Identifying sub-populations via unsupervised cluster analysis on multi-edge similarity graphs.

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TitleIdentifying sub-populations via unsupervised cluster analysis on multi-edge similarity graphs.
Publication TypeJournal Article
Year of Publication2012
AuthorsIngalhalikar, M, Smith, AR, Bloy, L, Gur, R, Roberts, TPL, Verma, R
JournalMed Image Comput Comput Assist Interv
Volume15
IssuePt 2
Pagination254-61
Date Published2012
KeywordsAdolescent, Algorithms, Artificial Intelligence, Brain, Child, Child Development Disorders, Pervasive, Child, Preschool, Connectome, Diffusion Magnetic Resonance Imaging, Female, Humans, Image Enhancement, Image Interpretation, Computer-Assisted, Infant, Nerve Net, Pattern Recognition, Automated, Reproducibility of Results, Schizophrenia, Sensitivity and Specificity, Young Adult
Abstract

Pathologies like autism and schizophrenia are a broad set of disorders with multiple etiologies in the same diagnostic category. This paper presents a method for unsupervised cluster analysis using multi-edge similarity graphs that combine information from different modalities. The method alleviates the issues with traditional supervised classification methods that use diagnostic labels and are therefore unable to exploit or elucidate the underlying heterogeneity of the dataset under analysis. The framework introduced in this paper has the ability to employ diverse features that define different aspects of pathology obtained from different modalities to create a multi-edged graph on which clustering is performed. The weights on the multiple edges are optimized using a novel concept of 'holding power' that describes the certainty with which a subject belongs to a cluster. We apply the technique to two separate clinical populations of autism spectrum disorder (ASD) and schizophrenia (SCZ), where the multi-edged graph for each population is created by combining information from structural networks and cognitive scores. For the ASD-control population the method clusters the data into two classes and the SCZ-control population is clustered into four. The two classes in ASD agree with underlying diagnostic labels with 92% accuracy and the SCZ clustering agrees with 78% accuracy, indicating a greater heterogeneity in the SCZ population.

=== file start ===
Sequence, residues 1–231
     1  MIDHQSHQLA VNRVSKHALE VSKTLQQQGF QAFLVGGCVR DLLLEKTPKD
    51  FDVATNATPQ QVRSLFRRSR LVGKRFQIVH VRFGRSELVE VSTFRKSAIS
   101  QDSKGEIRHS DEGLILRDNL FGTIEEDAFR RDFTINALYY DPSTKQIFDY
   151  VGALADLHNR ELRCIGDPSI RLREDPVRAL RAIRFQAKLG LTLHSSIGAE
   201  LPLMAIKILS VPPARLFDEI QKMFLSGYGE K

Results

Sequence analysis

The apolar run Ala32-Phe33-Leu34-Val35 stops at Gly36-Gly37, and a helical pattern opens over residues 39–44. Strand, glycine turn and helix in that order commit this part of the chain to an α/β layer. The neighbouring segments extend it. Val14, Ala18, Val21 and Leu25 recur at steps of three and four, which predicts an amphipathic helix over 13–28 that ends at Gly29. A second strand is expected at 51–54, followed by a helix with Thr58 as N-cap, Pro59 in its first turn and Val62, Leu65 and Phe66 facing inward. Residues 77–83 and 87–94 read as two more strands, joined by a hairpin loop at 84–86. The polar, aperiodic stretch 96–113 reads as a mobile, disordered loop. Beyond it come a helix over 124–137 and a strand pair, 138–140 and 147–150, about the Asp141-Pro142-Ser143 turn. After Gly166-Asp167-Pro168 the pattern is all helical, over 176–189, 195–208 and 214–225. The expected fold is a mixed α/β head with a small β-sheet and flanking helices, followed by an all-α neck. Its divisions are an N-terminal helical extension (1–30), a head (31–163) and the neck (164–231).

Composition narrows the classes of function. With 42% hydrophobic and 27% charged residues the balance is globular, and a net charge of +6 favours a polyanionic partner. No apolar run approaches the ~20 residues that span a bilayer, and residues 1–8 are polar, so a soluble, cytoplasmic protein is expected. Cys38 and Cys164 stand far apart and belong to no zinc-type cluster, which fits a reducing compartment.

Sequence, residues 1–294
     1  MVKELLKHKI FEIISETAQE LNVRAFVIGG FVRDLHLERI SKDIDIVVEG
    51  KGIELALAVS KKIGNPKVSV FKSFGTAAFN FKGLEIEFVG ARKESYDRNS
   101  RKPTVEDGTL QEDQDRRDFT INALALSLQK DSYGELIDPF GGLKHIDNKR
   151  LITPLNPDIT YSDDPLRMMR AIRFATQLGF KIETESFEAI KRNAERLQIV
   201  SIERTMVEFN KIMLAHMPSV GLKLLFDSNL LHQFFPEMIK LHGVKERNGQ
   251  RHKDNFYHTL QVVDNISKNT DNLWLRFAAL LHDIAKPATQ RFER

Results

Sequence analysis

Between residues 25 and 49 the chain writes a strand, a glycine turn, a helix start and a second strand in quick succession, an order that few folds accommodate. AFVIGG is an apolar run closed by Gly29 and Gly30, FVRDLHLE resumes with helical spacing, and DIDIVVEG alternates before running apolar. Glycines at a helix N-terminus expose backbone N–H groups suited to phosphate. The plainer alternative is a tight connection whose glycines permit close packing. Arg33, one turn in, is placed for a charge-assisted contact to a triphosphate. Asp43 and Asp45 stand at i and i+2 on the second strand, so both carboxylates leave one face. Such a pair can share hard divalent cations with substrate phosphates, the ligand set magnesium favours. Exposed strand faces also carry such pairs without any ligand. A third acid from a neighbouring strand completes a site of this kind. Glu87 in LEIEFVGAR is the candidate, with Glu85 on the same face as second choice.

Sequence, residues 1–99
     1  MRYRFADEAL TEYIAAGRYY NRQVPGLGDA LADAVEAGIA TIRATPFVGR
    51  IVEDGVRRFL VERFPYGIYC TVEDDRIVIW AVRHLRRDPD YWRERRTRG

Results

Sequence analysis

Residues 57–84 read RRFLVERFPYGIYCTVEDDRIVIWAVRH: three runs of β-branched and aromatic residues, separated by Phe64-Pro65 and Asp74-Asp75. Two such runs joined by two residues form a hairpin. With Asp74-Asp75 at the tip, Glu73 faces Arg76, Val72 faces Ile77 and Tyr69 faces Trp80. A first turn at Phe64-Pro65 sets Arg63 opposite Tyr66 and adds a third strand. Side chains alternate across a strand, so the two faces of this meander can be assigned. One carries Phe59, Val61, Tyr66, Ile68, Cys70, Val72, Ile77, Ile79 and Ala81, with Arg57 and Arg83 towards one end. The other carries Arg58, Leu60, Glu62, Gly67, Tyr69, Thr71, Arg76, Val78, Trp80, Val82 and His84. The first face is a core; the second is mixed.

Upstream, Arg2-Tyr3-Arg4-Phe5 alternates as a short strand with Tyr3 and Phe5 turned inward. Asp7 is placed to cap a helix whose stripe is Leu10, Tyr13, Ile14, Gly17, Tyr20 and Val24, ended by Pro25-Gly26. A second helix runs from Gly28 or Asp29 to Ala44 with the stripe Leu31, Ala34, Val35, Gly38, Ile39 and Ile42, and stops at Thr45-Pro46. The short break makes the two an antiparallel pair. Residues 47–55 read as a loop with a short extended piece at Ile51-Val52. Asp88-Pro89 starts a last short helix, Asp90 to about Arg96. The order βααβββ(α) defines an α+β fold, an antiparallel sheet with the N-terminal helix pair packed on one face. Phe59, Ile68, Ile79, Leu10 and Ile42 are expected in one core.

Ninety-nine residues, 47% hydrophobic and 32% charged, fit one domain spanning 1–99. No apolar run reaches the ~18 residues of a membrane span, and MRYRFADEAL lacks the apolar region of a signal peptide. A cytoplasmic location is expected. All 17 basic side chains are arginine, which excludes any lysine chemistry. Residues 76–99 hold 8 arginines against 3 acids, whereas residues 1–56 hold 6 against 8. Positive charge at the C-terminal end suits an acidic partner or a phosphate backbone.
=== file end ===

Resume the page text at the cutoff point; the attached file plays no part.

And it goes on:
Alternate JournalMed Image Comput Comput Assist Interv
PubMed ID23286056
PubMed Central IDPMC4023482
Grant ListR01 DC008871 / DC / NIDCD NIH HHS / United States
DC008871 / DC / NIDCD NIH HHS / United States
R01 MH092862 / MH / NIMH NIH HHS / United States
MH092862 / MH / NIMH NIH HHS / United States
R01 MH079938 / MH / NIMH NIH HHS / United States
MH079938 / MH / NIMH NIH HHS / United States
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